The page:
Weathervanes and Wellingtons



As I walked past this weathervane recently it was getting quite a battering from the wind, spinning and jittering left and right, undecided, buffeted into whining as old metal does.  It made me think about how it actually worked – the compass points were correct, but I wasn’t sure about the other bit.

Weathervanes have a simple design, but in order to function, they need to be perfectly balanced on their rotating axis. They also need an unequal area on each side that the wind can blow against. Additionally, weathervanes must be located on the highest point of a structure, and away from other tall buildings that may affect wind direction.

As the weathervane spins to reduce the force of the wind on its surface, the end with the least surface area turns into the wind, and thus indicates the wind direction.  So, if it is pointing North, it means the wind is coming from the North.

Tower of Winds, Athens

The first “true weathervane” is often thought to be a bronze structure that was erected atop the Tower of the Winds in Athens in 48 BC by Greek astronomer Andronicus. This weathervane took the shape of the Greek god Triton, who has the body of a man and the tail of a fish, and was between four and eight feet long. The tower was octagonal, with a different wind deity carved on each of the eight faces. With a change in wind direction, Triton indicated which god would control the weather that day.

Wind Gods

Tower of the Winds in the Roman Agora in Athens – image Ricky Rood

One of the gods carries Spring flowers, another a shield full of hail, and one is friend to the farmer, carrying fruit and grain.

The tower of the winds must be one of the most ingenious creations of ancient architecture, in addition to the gods, the eight outer walls exhibit sundials and the interior contained a water clock.

The Vikings are also credited with using a form of weathervane to predict the weather in the 9th century AD.  These simple designs were made of bronze and other metals and replaced traditional cloth flags on Viking ships. They were frequently quadrant-shaped and depicted an animal or creature from Norse myth.

During this time the popularity of weathervanes exploded when a papal edict helped bring the weathervane to the skies of most of Europe. Rome declared that every church in Christendom must be adorned by a cockerel, a symbol to remind Christians of Peter’s betrayal of Christ.  While these cockerels were at first not intended as weathervanes, they were eventually combined with the weathervanes that already dotted many church steeples to create the familiar rooster-shaped weathervane common today.

Cow weathervane

Cow Weathervane – image Taoab – Panoramio

Lots of other unusual and interesting subjects have been chosen for weathervanes, this one is in the shape of a cow, wrought in copper.  I think the ‘folk art’ styling of many weathervanes is very attractive –  this c. 1930 beautifully crafted whale, also in copper is a perfect example.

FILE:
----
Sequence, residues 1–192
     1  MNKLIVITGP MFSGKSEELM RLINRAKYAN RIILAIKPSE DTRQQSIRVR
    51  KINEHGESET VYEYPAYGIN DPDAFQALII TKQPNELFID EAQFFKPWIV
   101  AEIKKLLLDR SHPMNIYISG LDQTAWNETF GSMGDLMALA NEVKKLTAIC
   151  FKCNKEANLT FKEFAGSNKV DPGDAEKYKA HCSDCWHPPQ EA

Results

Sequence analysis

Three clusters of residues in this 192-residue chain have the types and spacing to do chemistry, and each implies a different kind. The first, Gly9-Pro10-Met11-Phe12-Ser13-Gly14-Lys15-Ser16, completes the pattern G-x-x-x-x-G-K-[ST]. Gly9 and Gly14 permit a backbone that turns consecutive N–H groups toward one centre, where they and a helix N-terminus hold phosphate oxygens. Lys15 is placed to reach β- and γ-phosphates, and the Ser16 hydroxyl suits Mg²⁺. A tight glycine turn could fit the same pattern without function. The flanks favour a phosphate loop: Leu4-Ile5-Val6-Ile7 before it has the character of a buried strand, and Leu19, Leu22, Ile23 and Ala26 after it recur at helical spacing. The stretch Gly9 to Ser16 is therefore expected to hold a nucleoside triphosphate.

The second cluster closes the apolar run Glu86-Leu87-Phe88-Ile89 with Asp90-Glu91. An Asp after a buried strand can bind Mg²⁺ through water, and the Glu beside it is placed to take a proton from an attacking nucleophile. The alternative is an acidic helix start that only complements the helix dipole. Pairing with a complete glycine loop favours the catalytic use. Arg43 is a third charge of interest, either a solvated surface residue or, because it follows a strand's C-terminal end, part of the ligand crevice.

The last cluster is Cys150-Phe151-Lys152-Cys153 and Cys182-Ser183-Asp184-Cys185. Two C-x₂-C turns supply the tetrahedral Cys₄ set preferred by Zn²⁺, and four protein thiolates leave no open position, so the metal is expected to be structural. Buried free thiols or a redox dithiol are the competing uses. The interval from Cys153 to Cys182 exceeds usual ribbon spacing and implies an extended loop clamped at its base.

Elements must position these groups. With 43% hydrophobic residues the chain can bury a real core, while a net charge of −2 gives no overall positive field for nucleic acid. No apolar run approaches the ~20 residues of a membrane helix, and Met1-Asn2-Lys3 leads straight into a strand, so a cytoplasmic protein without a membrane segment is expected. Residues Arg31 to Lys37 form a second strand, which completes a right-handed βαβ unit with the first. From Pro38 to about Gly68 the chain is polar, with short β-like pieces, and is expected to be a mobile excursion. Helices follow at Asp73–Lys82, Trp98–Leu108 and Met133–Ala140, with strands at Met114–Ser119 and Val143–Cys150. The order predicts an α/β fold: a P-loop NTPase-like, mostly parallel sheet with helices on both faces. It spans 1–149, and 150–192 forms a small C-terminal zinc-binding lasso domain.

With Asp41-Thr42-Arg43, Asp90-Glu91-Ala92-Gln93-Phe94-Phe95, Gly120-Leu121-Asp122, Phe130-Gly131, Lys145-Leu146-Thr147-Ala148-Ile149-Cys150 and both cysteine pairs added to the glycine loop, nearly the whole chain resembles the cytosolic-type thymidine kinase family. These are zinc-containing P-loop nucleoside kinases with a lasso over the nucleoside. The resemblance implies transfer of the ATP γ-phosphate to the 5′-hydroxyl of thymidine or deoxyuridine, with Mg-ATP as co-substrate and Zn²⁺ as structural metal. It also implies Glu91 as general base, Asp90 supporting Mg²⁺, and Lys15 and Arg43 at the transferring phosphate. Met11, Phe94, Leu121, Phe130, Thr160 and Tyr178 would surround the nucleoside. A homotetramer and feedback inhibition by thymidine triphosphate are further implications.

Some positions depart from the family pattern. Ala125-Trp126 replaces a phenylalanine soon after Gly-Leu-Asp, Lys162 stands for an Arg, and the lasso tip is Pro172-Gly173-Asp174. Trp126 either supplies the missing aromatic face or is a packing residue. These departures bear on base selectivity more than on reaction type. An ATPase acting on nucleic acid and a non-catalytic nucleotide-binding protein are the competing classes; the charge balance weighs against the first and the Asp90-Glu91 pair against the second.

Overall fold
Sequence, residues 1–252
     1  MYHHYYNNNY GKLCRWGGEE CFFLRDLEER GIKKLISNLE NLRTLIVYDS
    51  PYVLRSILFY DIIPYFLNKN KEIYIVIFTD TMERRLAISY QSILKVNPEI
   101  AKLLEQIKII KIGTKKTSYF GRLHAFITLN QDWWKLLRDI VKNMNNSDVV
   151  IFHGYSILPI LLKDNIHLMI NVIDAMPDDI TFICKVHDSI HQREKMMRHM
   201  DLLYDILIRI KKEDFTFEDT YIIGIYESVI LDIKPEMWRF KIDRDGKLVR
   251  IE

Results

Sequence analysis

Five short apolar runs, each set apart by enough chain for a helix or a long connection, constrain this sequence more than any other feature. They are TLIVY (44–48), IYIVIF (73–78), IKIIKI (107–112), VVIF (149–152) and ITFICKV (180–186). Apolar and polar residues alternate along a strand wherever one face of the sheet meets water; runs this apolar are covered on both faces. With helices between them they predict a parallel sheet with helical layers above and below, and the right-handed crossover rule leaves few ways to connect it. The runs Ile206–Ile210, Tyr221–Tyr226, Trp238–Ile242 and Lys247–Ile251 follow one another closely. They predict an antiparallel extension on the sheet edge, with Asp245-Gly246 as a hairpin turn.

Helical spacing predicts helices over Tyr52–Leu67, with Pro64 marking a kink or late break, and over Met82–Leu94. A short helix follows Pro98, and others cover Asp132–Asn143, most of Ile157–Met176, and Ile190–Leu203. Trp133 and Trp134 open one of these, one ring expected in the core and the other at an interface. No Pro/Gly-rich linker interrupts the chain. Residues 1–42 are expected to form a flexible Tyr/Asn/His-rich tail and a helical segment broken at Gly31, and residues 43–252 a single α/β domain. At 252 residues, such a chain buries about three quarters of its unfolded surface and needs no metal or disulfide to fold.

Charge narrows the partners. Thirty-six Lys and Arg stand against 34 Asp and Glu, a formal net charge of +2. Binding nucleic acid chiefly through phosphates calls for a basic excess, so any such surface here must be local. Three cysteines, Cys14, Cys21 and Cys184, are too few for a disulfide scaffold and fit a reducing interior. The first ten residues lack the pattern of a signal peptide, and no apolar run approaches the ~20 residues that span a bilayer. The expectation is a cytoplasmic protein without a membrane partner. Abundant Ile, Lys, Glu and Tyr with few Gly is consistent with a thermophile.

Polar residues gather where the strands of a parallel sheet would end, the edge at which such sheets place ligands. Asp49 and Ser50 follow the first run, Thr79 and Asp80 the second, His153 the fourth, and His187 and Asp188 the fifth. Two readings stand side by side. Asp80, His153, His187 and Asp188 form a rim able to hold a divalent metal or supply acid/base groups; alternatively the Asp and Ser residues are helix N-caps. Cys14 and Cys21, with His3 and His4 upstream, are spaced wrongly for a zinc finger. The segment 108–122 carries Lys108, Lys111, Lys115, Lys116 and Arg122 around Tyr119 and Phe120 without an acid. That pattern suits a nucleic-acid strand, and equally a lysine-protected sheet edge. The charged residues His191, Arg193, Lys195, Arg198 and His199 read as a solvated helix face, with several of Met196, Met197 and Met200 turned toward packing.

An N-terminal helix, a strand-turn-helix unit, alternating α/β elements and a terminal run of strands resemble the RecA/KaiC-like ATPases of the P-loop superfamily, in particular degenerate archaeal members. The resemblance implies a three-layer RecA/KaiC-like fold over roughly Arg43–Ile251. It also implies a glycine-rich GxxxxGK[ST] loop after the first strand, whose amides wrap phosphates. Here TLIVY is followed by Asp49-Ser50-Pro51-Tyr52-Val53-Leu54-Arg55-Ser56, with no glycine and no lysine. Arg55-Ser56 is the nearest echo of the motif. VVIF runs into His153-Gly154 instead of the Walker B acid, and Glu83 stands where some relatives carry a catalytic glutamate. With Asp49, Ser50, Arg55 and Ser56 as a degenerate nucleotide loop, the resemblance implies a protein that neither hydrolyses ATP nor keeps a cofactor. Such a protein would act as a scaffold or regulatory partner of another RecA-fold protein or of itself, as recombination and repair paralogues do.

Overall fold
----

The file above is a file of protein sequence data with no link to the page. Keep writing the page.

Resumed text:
Whale weathervane

Whale Weathervane – image from Country Living – Charles Schiller

The word “vane” actually comes from the Anglo-Saxon word “fane”, meaning “flag”.   (In medieval Europe lords and noblemen flew banners and flags from castle towers. These flags were not intended to predict the weather, but actually helped archers calculate the direction of the wind when defending the castle. Through the years, the cloth flags were replaced by metal structures).

As I stood and watched the cockerel weathervane spinning round I noticed that my feet were getting cold and very wet, my wellington boots were letting in the snow and slush through a huge split.  I’m now enjoying a new pair, with marvellously grippy soles.





Thanks to Weathervanes Plus and Denninger for weathervane details and information


  1. Comment by countrysidetales:

    Interesting stuff. The Tower of the Winds is a great name. We have a wise owl weather vane on top of our barn who has been in the family for years.

    • Reply by Jennifer:

      Such an interesting building and I love the gods carved in stone. How lovely to have a family weather owl giving wisdom from the barn. I’d love one at my workshop – and have animals, or birds at the compass points, so I could say ‘it’s a shrew wind today’ or ‘Magpie is brewing storms’.

  2. Comment by Ellen Abbott:

    very interesting! We wouldn’t be able to put on on the house because we are surrounded by trees though we do get a lot of wind. lots of open area around the shop though. no snow here but I do need some calf high rubber boots for mucking out the turtle pond which needs to be done this year.

    • Reply by Jennifer:

      I’ve found the best for pond clearing is bare feet, only because I’ve never managed it without water going over the tops of boots! What form would your weathervane have if you placed one on the shop?

Post a Comment

Your email is never shared. Required fields are marked *